(de Boer and Rajeg 76-107)
The wayang golek purwa is a form of wayang where there is a wooden rod- puppet theatre telling the Ramayana and Mahabharatha stories that are relatively popular among the sundanese speakers who live here. This is a genre that uses exquisitely craved doll puppets that dance to the orchestra. It’s a magnificient fiesta of story telling , singing and dialogue delivery with comments and questions from musicians that come in between. The interesting point to note here is that in various forms of Wayang in which the change from region to region is so obvious, Topeng is more subtle as it changes from one point in Indonesia to another. It can be accounted to the fact that Wayang is more diverse in terms of themes, stories, situations and artforms whereas Topeng though diverse follows a similar protocol more or less.
It was earlier discussed that Wayang unlike Topeng is less exorcist, spiritual and divine. However there can be an exception to this and that is what is called Kala. The origin of Kala( Murwa kala) is a stage exhibition of exorcism carrie out in the western part of java to realease people from the harm the demonic character named Kala might inflict. This sort of a public performance always has a nail biting touch to it because of this element. Kala is not a specific entity confined to this form of Wayang in this part of the world. In reality there have been claims that it is in fact a ‘demonic principle’ which is percieved by different people in different cultures as different. But you could say that it has a similar theme of the devil. Again many cultures as far away as in the south of India have their different ways of dealing with Kala and avoiding its harm on them. The Indians have a river purification process for the same just as how the Indonesians deal with it differently. (Foley 1-58)
Because of the blurring effect that has been hovering over Wayang as an art form, there is increased momentum from scholars who want to preserve the tradition and make it accessible to the coming generations. An example of this is the ceremony named rebo legi (sweet Wednesday) in the home of Ki Anom Surata a famous Solonese puppeteer where the host invites various other puppeteers on the pretext of say something like a successful pilgrimage to Mecca. He is also a member of Golkar which is a political vehicle of the government. The point to note here is that unlike Topeng, in this form of Wayang the authorization lies in the hands of only muslims and the indonesian government. Again this form of wayang has many deviations from norm in terms of new words, phrases, broken rules and trial of new styles. Perhaps what can summarize all this is the word ‘change’ that seems to be the lifeline of wayang unlike Topeng as earlier stated follows a fixed protocol more or less. (Sears 122-140)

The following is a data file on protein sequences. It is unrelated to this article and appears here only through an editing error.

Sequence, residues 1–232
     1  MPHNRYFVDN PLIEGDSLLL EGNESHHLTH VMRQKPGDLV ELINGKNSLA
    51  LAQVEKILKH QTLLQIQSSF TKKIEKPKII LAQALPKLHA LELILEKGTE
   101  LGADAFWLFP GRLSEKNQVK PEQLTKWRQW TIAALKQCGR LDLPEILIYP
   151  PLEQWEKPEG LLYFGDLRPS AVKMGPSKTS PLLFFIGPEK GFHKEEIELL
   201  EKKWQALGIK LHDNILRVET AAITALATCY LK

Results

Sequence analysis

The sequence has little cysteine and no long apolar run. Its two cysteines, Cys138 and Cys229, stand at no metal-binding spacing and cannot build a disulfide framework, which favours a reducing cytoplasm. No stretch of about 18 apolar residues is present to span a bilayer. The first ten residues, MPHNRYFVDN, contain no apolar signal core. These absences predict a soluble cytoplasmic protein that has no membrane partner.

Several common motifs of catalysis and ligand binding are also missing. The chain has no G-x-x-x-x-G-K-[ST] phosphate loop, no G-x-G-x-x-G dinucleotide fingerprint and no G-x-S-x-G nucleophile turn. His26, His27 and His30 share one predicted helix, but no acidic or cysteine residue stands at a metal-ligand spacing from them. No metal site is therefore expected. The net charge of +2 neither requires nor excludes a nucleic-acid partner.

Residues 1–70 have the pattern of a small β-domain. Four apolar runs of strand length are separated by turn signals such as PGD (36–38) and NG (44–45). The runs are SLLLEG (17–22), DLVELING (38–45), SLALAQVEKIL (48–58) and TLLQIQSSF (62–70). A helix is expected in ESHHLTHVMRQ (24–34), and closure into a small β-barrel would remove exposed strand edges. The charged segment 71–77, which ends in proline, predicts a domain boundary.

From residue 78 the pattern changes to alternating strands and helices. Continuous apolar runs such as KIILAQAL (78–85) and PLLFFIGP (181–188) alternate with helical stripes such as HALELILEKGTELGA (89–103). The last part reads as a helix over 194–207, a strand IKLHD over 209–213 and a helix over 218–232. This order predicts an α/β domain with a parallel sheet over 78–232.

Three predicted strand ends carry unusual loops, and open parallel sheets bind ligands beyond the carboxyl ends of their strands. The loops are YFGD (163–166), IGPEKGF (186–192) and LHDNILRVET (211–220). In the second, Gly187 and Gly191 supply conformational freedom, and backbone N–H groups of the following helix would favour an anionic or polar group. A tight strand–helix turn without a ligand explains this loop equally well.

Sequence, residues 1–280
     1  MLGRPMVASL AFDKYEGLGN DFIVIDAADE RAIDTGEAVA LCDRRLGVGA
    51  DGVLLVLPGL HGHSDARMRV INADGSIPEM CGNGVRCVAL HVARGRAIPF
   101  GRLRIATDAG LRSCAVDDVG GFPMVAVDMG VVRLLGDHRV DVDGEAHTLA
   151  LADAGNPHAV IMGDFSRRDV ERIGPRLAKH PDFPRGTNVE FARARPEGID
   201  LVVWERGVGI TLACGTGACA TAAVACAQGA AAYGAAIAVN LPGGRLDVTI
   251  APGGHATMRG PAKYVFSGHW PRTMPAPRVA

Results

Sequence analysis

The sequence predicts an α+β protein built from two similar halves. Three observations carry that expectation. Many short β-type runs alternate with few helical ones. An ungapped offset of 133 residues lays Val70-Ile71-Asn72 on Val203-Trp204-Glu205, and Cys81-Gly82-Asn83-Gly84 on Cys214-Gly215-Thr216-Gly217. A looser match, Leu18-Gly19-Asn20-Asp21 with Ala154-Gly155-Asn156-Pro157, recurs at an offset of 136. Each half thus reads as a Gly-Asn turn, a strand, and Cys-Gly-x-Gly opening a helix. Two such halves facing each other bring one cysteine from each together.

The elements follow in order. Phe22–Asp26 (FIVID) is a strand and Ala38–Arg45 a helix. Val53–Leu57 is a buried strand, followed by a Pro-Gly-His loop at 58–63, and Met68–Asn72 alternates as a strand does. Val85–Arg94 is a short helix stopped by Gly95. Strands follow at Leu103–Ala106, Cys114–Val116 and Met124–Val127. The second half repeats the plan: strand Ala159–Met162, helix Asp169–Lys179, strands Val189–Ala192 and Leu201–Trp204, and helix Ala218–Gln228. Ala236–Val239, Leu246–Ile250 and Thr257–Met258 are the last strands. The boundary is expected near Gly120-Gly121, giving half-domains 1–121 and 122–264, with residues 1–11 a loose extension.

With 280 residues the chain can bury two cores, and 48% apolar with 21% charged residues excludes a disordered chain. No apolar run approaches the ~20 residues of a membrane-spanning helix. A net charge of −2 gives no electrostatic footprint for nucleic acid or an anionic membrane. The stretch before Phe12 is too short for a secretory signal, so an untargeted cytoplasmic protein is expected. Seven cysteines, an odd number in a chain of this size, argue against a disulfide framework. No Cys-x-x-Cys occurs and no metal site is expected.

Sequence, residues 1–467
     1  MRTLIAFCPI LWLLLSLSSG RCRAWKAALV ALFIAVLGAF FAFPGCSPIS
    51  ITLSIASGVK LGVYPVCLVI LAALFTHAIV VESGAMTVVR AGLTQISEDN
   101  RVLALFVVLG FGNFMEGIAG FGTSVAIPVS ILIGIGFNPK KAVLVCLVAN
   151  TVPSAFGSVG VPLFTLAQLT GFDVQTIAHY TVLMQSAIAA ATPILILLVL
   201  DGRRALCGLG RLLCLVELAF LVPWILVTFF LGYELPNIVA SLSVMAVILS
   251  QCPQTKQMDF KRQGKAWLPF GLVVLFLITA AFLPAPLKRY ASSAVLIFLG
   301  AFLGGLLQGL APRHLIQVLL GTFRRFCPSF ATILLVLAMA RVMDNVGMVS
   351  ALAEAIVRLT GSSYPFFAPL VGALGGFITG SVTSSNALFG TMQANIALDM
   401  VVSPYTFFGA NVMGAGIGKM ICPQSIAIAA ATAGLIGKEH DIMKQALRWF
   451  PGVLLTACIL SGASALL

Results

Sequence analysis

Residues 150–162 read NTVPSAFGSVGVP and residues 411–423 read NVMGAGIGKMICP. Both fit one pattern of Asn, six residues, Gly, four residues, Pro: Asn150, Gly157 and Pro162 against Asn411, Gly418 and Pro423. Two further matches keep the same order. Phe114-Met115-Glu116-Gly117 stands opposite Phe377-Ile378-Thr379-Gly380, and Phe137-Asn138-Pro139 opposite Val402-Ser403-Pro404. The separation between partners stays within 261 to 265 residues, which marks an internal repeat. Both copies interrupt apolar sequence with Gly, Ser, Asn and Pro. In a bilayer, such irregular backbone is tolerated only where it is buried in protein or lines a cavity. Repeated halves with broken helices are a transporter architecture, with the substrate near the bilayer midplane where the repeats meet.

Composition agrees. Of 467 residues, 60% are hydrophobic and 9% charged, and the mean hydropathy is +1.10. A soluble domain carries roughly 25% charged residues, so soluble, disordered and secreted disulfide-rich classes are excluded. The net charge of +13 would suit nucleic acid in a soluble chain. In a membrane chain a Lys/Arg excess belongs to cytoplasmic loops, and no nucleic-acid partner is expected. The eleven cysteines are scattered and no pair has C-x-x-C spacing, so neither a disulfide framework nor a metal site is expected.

In the search for cultural and traditional satisfaction, through out the sands of time mankind has addressed and depicted issues on stage that he has found difficult to express. What is fascinating about these art forms is perhaps the way they are accepted, questioned and carried out. It is arts like these that transcend the borders of colour, race, caste, sex and creed and keep the blueprints of cultures travelling across the DNA pools from generation to generation. In my quest to uncover details about these cultural gemstones I have learnt more than I can express. Wayang and Topeng are perhaps different from each other in many ways. But what is eventually common about them is the fact that they were both man’s subconscious efforts towards unity in diversity.
Works Cited And Referred to
Emigh, John. “Playing with the past: Visitation and illusion in the mask theatre of Bali.”
The Drama Review: TDR, Vol 23, No2 (1979):11-36
Foley, Kathy; Sedana, I Nyoman. “Perspective of a master artist: I Ketut Kodi on Topeng”
The Drama review, Vol 23, No.2(June 1979): 37-48
Foley, Kathy “The dancer and the danced: Trance Dance and Theatrical Performance In West Java”
Asian Theatre Journal, Vol2, No.1(Spring 1985):28-29
Suanda, Endo “Cirebonese Topeng and Wayang Of The Present Day”
Asia Music, Vol.16, No.2(spring-summer, 1985): 84-120
Foley, Kathy “My Bodies: The Performer In West Java”
TDR, Vol. 34, No.2(Summer, 1990): 62-80
Bakungan, Endo; Suanda “Dancing In Cirebonese Topeng”
Journal Of The American Gamelan Institute Vol3, No.5(Dec 1988): 7-15
deBoer, Fredrick E; Rajeg, I Nyoman “The Dimba and Dimbi of I Nyoman Rajeg: A Balinese shadow play”
Asian Theatre Journal, Vol.4, No.1(Spring, 1987): 76-107
Sunarya,Abah; I Harja Giri, Gamelan; Foley, Kathy “The Origin of Kala: A Sundanese Wayang Golek Purwa Play by Abah Sunarya and Gamelan Giri Harja I”
Asian Theatre Journal, Vol.18, No.1,(Spring, 2001):1-58
SearsLobell, Laurie “Asethetic Displacement In Javanese Shadow Theatre: Three Contemporary Performance Styles”
The Drama Review, Vol.33, No.3 (Autumn, 1989): 122-140